unnamed (12)Eighty Chicagoland teenagers come together for the Goodman’s 8thannual General Theater Studies (GTS), a comprehensive six-week intensive designed to further critical thinking, literacy and storytelling skills in 14-18 year-old students. Led by Director of Education and Community Engagement Willa Taylor, five teaching artists—Bobby BiedrzyckiKevin DouglasKhanisha FosterTony Sancho and Paul Whitehouse—introduce participants to theater using storytelling, ensemble building, object work and writing exercises in two three-and-a-half hour sessions per day, four days per week. In building the final performance showcase, participants conduct ethnographic research with family, friends and members of their communities around the question, “When was a moment you had to fight for love?” The showcase takes place Monday, August 11 and Tuesday, August 12 at 7pm at Goodman Theatre. Tickets are free but reservations are required; call 312.443.3800.

“Each summer, I am reminded of the transformative power of theater in our work with GTS. During this intense collaboration with our teaching artists, young people discover the importance of story–to learn about themselves, about each other and about the world,” said Taylor. “While all the work is grounded in techniques for creating performance, the biggest payoff for us is not the final performance but the ways they are changed by the experience of our time together.  That’s what makes it so special.”

More than 600 students have participated in GTS since its inception in 2007, and approximately 79% of program participants attend public schools, with 51% enrolled in Chicago Public Schools. Brandi Lee, a current Goodman intern who previously participated in GTS, noted, “GTS provided me with an environment to grow, share and learn. The teaching artists’ and staff’s ability to embrace every student and instill curiosity in them truly helped me to become the person I am now.”

Concurrent with GTS, InterGens—13 teens who have previously participated in the Goodman’s education programs plus senior citizen participants of GeNarrations—engage in a weekly storytelling session around the same theme of fighting for love. The group also performs a final piece at the August 11 and 12 showcase.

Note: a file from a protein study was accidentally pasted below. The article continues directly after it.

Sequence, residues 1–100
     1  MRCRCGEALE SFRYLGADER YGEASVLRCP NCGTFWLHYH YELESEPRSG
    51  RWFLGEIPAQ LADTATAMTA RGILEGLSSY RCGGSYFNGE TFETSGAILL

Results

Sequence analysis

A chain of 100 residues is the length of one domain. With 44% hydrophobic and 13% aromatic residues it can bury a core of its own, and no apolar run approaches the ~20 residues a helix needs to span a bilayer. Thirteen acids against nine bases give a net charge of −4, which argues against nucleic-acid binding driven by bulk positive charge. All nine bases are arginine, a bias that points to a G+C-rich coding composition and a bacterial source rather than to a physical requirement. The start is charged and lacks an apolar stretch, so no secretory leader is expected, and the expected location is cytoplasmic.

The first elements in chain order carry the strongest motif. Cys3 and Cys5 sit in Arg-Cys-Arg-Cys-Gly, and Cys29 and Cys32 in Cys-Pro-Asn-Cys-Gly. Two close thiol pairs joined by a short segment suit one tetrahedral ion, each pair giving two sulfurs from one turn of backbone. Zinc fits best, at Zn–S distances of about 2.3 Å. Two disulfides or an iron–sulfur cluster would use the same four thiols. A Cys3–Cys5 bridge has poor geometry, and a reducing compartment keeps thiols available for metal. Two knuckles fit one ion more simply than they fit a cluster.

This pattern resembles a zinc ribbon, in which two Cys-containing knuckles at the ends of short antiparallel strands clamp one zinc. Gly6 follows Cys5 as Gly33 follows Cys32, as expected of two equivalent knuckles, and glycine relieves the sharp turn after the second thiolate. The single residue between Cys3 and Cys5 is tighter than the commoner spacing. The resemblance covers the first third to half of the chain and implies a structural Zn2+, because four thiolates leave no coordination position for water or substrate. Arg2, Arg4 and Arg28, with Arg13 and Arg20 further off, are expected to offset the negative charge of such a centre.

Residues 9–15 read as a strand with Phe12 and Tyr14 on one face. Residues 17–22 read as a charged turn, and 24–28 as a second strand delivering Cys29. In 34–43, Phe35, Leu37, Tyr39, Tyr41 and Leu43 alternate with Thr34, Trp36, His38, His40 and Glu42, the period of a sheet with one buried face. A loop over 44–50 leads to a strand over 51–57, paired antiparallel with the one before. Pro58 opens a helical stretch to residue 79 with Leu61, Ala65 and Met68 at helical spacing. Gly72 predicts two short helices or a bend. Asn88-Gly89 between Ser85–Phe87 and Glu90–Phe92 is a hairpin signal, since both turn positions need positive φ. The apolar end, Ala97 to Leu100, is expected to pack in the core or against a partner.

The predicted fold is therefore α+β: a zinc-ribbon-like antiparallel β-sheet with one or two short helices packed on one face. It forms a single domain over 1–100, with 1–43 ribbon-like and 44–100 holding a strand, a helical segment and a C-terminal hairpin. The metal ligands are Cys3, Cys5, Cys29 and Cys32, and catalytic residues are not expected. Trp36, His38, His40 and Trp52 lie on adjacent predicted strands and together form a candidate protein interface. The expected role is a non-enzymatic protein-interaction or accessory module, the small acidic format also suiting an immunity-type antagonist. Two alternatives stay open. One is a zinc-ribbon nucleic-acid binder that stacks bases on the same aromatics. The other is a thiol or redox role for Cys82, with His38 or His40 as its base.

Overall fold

About the 2014 Teaching Artists

Bobby Biedrzycki is the Curriculum and Instruction Associate in the Department of Education and Community Engagement at Goodman Theatre, a company member of 2nd Story and on faculty in the Department of Creative Writing at Columbia College Chicago, where he was the 2013 recipient of the Excellence-in-Teaching Award. As a writer, performer, educator and transnational human rights activist, his stories, poems, and performances have appeared on pages, stages and public spaces across the U.S. and beyond. His work is rooted in cross-disciplinary and intergenerational collaboration that focuses on creating social change.

Kevin Douglas, now in his eleventh year teaching with the Goodman, is an Ensemble Member at Lookingglass Theatre Company, where he has appeared in Black Diamond: The Years the Locusts Have EatenLookingglass AliceAround the World in 80 Days, The Great Fire, and Mr. Rickey Calls A Meeting. He also teaches in Chicago Public Schools through Chicago Arts Partnership and Education (C.A.P.E.).

Khanisha Foster is the Associate Artistic Director of 2nd Story and an ensemble member of Teatro Vista. Her teaching artist work was honored by the White House last year, and her writing has been published with CellStories and 2nd Story. She has performed with Teatro Vista, Goodman Theatre, Steep Theatre and Collaboraction, among others.

Tony Sancho is an adjunct professor at Columbia College Chicago and a teacher at The Center for Community Arts Partnerships created by Columbia. Tony has performed at Goodman Theatre, Mark Taper Forum Ojai Playwrights Conference, South Coast Repertory, Steppenwolf Theatre and Victory Gardens Theater.

Paul Whitehouse is the company director at Child’s Play Touring Theater where he recently led a Big Read project in which students developed original work around the themes of Fahrenheit 451. He has also performed across the Northeast, at venues including Stepping Stones Children’s Museum and the Bushnell.

The teaching artists are augmented by teaching assistants Gracie Meier and Jessie Roman, each of whom is a former Goodman education program participant.